14 May 2015

I had the chance back in November to go to New York for training on Salesforce’s newest feature – Salesforce Analytics Cloud – and ever since, people have asked me:

“What do you think about Wave?”

In a nutshell, it’s awesome :grin:

The training was a 3-day “Brown Belt” course, which is the closest equivalent Salesforce currently has to an implementation expert certification… There’s some more sessions going on right now, so ask your Account Executive or Partner Manager if you’re interested!

It’s come a very long way since last November

Back in November, there were a lot of moments where you had to dig into code in order to import datasets, transform the data, or fully configure a dashboard. While you still have the option to use code to do all that, I’m happy to report that that’s no longer required!

As of the Summer ‘15 release, you can now:

It’s now very much Salesforce-centric

When Analytics Cloud was first being marketed, Salesforce emphasized that any data, structured or unstructured, could be imported. Since then, they’ve refocused their pitch on using Salesforce data as the key component, with other data sources as “decoration”, or augmenting the Salesforce pieces.

Analytics Cloud Dashboard

It’s not going to replace Salesforce Dashboards

With all of these fancy-looking pie charts, you might think that Analytics Cloud is going to replace those Reports & Dashboards on your other Salesforce clouds – Gladly / Sadly, that is definitely not the case. Think of AC as the strategic tool to report across business processes over time, whereas Salesforce Dashboards are for one-time analyses of operational data (for tracking & measuring things vs. basing long-term strategy on).

The technology has been around for a while

Although the Salesforce page on this topic looks pretty impressive, the technology that powers Wave is actually not as novel as you might think. Key-value store databases have been around since the 70s, SAQL is essentially a customization of Apache Pig, and EdgeSpring (the company bought by Salesforce in 2013 for an undisclosed sum) had been developing the Edgemart and visualization features since at least 2010. The difference of course has been combining them all together into one sleek-looking package.

Salesforce has a lot of ideas in the roadmap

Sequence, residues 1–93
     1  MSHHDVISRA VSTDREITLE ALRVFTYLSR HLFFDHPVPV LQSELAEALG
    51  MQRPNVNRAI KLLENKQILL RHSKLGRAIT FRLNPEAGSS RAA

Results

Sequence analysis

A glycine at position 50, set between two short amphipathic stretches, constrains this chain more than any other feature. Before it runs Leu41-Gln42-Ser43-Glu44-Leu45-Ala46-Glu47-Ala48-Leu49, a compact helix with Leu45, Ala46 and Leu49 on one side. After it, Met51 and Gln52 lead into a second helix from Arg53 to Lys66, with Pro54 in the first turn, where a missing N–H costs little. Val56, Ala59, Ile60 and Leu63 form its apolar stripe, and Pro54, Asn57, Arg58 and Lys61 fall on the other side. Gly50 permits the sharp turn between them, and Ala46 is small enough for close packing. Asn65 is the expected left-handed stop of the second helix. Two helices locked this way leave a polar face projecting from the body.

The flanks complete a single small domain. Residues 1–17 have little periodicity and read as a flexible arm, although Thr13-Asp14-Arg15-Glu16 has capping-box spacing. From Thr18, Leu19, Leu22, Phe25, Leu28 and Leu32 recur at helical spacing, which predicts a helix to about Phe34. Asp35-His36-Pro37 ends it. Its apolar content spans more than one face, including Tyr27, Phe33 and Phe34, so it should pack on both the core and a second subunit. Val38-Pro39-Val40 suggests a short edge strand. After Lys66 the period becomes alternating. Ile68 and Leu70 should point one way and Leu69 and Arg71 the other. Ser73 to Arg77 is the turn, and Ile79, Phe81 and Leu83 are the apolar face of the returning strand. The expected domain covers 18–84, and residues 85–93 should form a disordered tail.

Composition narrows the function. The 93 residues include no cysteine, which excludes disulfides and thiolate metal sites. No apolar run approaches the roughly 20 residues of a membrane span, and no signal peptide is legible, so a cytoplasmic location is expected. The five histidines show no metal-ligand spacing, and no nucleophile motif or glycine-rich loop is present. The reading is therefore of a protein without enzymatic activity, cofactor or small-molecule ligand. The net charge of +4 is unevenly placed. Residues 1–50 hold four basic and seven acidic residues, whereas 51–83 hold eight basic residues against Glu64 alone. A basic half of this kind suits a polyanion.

One giant advantage of being a Gold Partner is that product managers sometimes give you glimpses into what is in the pipeline. Without going against any NDA or #safeharbor, all I can say is that Salesforce is putting a ton of effort into Analytics Cloud, so much so that their release timetable is actually doubled compared to the standard Winter / Spring / Summer schedule. The product team seems well aware of AC’s shortcomings, and is already thinking through some really neat features for the near- and long-term future.

Trust me when I say that some very big EBUs (Enterprise Business Units) are already using Analytics Cloud. Actually, you don’t need to trust me since Salesforce is now publicizing those: Coca Cola, GE Capital, Blue Cross Blue Shield, EMC, Akamai,… Sure, they probably have some other analytics platforms running as well, but who knows how long that will last!

It’s expensive, but likely worth it

OK, the numbers look pretty big on the Salesforce website, but think about what you’re getting – A cloud-based analytics platform that is instantly mobile-enabled and connected to your Salesforce data, without any extra infrastructure costs. When you look at competitors, they are either much more technical to implement (Informatica, Tableau), or they’re built for only IT to use (SAP BO, Oracle BI).

Besides, there are some discounts going around right now that I can help you

. :wink:

It’s actually “Salesforce Analytics Cloud, powered by Wave”

My guess is Benioff got a little too excited by the name at Dreamforce ‘14, and now everyone thinks it’s “Salesforce Wave”… The giant inflatable surfboard made it all worth it though!

Benioff Dreamforce 14

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